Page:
WHAT ARE THE SALES TRENDS BY PRICE POINT?
Let’s look at monthly retail sales by the price point grouping in this chart.
The lower priced titles weigh heavily upon the entire category. The $5.50 – $7.49 group, however is declining less dramatically while the greater than $7.50 group sales is increasing.
THE UNDER $5.49 TITLES REPRESENT MOST OF THE CHECKOUT SPACE!
Yes, they do. Retailers are shrinking the magazine footprint in store because retail buyers focus on checkout results and punish categories where sales fall rapidly.
HOW DO WE CHANGE THE STORY AT RETAIL?
I mentioned this in a past interview, but it bears repeating: there has been little change at the checkout in the past 10 years. There is similarity of product at checkout, and the publishing industry needs a new mix of titles to generate life into this industry.
WHICH PUBLISHERS SHOULD PURSUE CHECKOUT SPACE?
We analyzed one publisher which produces high-priced, high-quality special interest publications this week. We determined that this publisher could improve both sales and profit by purchasing checkout space.
HOW DO YOU DETERMINE PROFITABILITY?
For this exercise, we estimate revenue and expense. Our estimates are fairly accurate, but we always prefer to work closely with a publisher to produce exact results.
WHAT DID YOU FIND?
This publisher creates more than 50 releases a year. Although the overall sell-through efficiency of 27% underperforms national averages, this publisher makes over $1.40 per copy sold. This is an excellent profitability number that lends itself well to investing in checkout space.
WHAT STOPS THIS PUBLISHER FROM EXPANDING INTO CHECKOUT?
In my experience, smaller to mid-level publishers believe checkout pockets are too expensive, both in pocket fees and in waste. More than one publisher representative said they would not want to increase the print order to cover the checkout space.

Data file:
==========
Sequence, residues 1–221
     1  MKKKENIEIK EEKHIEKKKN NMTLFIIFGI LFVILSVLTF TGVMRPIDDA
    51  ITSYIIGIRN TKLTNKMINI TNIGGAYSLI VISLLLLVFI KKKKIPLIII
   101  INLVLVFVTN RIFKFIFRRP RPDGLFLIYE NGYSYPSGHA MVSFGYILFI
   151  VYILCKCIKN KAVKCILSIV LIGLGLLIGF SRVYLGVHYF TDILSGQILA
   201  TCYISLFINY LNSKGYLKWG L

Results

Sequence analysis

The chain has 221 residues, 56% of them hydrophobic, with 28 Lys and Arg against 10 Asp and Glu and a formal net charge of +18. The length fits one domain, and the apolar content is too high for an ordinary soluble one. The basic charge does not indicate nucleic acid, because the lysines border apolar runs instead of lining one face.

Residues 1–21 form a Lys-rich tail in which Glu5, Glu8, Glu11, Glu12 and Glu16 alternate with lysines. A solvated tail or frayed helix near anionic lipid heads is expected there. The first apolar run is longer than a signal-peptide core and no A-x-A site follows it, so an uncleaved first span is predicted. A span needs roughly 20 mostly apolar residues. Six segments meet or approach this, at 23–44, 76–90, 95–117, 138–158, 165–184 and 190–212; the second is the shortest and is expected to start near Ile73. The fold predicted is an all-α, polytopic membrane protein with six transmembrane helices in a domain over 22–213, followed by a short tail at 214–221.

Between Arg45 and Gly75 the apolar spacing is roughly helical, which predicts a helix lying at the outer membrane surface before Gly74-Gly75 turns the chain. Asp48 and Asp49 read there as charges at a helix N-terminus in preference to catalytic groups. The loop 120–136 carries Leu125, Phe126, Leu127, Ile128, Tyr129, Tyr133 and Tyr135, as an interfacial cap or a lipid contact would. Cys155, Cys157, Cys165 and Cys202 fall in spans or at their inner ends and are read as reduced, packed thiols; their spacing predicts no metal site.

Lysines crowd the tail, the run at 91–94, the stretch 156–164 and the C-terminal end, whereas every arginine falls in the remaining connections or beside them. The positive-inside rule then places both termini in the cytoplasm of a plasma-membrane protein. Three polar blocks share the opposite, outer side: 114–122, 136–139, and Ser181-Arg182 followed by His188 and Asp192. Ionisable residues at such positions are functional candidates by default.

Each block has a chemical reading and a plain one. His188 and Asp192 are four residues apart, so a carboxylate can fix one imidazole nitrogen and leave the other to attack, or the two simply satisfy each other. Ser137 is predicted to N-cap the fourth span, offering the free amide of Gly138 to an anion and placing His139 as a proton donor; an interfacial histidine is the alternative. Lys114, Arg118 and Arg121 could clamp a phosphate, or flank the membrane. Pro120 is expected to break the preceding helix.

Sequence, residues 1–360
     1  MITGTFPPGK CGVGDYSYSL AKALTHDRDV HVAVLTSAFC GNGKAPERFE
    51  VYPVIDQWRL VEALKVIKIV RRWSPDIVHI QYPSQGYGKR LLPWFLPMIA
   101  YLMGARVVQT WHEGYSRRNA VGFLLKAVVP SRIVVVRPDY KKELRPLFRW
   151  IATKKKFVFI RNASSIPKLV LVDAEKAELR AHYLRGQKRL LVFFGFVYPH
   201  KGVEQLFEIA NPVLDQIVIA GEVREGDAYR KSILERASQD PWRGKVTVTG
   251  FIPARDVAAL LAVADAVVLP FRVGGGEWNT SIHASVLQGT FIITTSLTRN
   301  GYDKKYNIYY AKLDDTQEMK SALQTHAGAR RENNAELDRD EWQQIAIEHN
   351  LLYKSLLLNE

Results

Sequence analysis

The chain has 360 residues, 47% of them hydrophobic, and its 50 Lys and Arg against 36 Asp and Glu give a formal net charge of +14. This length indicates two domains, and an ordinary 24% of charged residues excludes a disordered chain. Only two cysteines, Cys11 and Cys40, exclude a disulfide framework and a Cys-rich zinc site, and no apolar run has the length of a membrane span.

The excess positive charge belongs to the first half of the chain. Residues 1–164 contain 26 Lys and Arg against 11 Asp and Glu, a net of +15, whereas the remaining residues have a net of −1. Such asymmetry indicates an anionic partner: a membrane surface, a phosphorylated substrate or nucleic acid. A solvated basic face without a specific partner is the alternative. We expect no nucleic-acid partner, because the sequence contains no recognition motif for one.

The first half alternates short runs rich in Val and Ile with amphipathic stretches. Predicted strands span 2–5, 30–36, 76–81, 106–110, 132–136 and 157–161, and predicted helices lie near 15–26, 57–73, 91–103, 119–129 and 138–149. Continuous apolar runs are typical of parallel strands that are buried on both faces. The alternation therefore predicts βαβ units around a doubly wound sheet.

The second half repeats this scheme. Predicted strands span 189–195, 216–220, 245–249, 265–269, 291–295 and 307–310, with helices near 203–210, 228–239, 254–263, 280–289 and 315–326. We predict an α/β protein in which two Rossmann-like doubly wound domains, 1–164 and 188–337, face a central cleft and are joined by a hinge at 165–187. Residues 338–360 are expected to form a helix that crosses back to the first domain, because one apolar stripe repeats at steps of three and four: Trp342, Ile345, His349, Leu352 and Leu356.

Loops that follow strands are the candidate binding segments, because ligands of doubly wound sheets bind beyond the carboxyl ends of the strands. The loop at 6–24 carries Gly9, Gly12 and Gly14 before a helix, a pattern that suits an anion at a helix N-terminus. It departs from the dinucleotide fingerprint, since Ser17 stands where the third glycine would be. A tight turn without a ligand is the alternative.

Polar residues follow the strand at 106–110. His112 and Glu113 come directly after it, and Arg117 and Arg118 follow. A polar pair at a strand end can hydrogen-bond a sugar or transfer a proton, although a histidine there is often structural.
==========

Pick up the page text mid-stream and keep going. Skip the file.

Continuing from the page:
BUT THE TITLE WOULD SELL MORE PRODUCT!
Yes, but what we cannot do is predict the exact increased sale. One senior-level wholesale representative told me a title moving from the mainline to the checkout sees a 5:1 increase in sale. I believe that is too high, but it is reasonable that any title moving from an aisle in the middle of the store to checkout will see increased sale. We need to make publishers more comfortable in this arena so they can test product at checkout and determine if it is right for them.
WHAT ABOUT EXISTING TITLES AT CHECKOUT?
Some of those top-30 titles need to reduce space or be sent to the mainline based on lack of productivity. The publisher we analyzed could credibly walk into many retailers and point out its line of mainline titles already outsell many checkout titles right now.
WHAT WOULD HAPPEN AT CHECKOUT?
It has been well reported that wholesalers are in financial trouble and retailers compound that trouble by reducing the magazine retail footprint. A more diverse checkout with higher priced product will bring back some consumers and spur sales. Higher-priced product at checkout will help the retailer’s bottom line which is a win for the publishing industry as a whole.
©Samir “Mr. Magazine™” Husni, 2014. All Rights Reserved.